Here’s an idea: Try reading the bill before voting on it!

October 12, 2010

Perhaps one of the most frustrating revelations of recent years has been just how much legislation gets passed without legislators -the people we pay to write our laws- actually reading the bills. The recent health care reform legislation was, sadly, only the most recent example of this derelict practice. And it’s a bipartisan failing, as Byron York shows:

There’s a scene in “Fahrenheit 911,” left-wing filmmaker Michael Moore’s mostly forgotten 2004 tirade against George W. Bush, that some of today’s unhappy voters might recognize.

Moore was angry that Congress passed the Patriot Act so quickly that some lawmakers hadn’t read the whole bill. So Moore went to Democratic Rep. John Conyers for an explanation.

“How could Congress pass this Patriot Act without even reading it?” Moore asked.

“Sit down, my son,” Conyers said, lowering his voice as if to reveal a trade secret. “We don’t read most of the bills. Do you really know what that would entail, if we were to read every bill that we passed?”

Thankfully, the Republicans have listened to the public and included a pledge in their recent manifesto to post a bill online in its final form for 72 hours before it’s voted on. That way everyone can read it, including us, the, um, supposed owners of this joint. It won’t guarantee that legislators read every bill that comes along, but it would be great if they’d at least do it for those of national importance, such as taking over one-sixth of the economy.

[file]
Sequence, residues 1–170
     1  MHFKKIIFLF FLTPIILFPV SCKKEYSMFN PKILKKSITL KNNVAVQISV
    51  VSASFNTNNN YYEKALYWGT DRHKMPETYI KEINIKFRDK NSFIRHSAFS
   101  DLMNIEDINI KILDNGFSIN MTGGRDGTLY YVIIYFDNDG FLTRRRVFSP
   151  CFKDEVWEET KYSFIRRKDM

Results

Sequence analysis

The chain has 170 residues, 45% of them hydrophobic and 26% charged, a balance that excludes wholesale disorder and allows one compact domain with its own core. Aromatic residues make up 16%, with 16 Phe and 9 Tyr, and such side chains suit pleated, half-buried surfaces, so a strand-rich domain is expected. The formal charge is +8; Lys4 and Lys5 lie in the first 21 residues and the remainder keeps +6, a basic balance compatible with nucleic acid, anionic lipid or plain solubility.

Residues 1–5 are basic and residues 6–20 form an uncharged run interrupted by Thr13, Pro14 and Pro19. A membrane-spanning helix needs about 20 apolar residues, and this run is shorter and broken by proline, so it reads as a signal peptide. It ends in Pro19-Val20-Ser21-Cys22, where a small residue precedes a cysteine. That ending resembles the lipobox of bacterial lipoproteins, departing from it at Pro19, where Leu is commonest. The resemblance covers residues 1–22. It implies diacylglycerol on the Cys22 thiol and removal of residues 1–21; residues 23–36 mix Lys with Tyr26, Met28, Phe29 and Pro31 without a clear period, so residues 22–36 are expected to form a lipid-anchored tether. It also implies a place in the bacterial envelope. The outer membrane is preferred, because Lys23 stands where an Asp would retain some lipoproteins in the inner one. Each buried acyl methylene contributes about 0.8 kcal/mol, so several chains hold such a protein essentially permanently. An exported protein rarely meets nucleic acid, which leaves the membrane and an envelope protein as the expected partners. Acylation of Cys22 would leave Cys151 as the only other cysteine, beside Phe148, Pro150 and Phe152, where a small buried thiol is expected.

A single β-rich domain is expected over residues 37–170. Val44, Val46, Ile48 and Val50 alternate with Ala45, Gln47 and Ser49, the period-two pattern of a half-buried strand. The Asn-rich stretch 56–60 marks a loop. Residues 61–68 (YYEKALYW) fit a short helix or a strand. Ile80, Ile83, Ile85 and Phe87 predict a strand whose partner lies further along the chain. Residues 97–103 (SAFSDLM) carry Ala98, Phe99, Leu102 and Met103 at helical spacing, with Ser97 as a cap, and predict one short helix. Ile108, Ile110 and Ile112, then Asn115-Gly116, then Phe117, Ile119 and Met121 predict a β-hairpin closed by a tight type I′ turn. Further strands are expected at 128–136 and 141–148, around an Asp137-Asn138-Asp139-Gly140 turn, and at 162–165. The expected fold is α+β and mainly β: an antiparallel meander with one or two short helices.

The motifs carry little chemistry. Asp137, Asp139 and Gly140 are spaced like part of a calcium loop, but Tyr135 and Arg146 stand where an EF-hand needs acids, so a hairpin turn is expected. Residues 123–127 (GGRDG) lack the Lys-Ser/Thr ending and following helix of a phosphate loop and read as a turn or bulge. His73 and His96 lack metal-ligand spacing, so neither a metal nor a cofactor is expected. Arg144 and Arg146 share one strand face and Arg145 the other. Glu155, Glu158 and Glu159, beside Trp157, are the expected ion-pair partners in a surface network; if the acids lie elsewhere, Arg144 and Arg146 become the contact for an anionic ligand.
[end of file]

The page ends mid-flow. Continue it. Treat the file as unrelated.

Be sure to read the whole article. Conyers answers his own question at the end, and I suspect it’s one we can all agree with.

Actually read the bill? You must be joking!

July 27, 2009

Ed at Hot Air has a doozy of a video clip: House Judiciary Committee Chairman John Conyers (whose wife recently plead guilty in a bribery  scandal) at a National Press Club luncheon scoffing at the idea that members of Congress voting on proposed health-care legislation should actually read it and know what’s in it. Ed writes:

Representative democracy rests on having the people send Congressmen and Senators to Washington DC to vote on legislation so that we don’t have to hold constant national referendums on issues. If the elected representatives don’t bother to read the legislation, then we have surrendered representative democracy and adopted an autocracy of Capitol Hill staffers and lobbyists.

I think he meant “oligarchy” instead of “autocracy,” but the point about the point of representative democracy is spot-on. It’s a big, red warning light that the Federal government is trying to do too much, too fast if members complain they haven’t the time to read the bills. And it’s even worse when they accept this dereliction of duty as just the way things are. It’s corruption not in the sense of criminal bribery or graft, but in a deviation from the intended role of Congress so great that the institution itself can only be seen as debased and rotted.

Really. Go watch the video. Poor man, and how terribly arrogant and unfair we in the public are for expecting him and his colleagues to actually do the job for which we voted them into office.

Maybe it’s time we voted them out. Waiting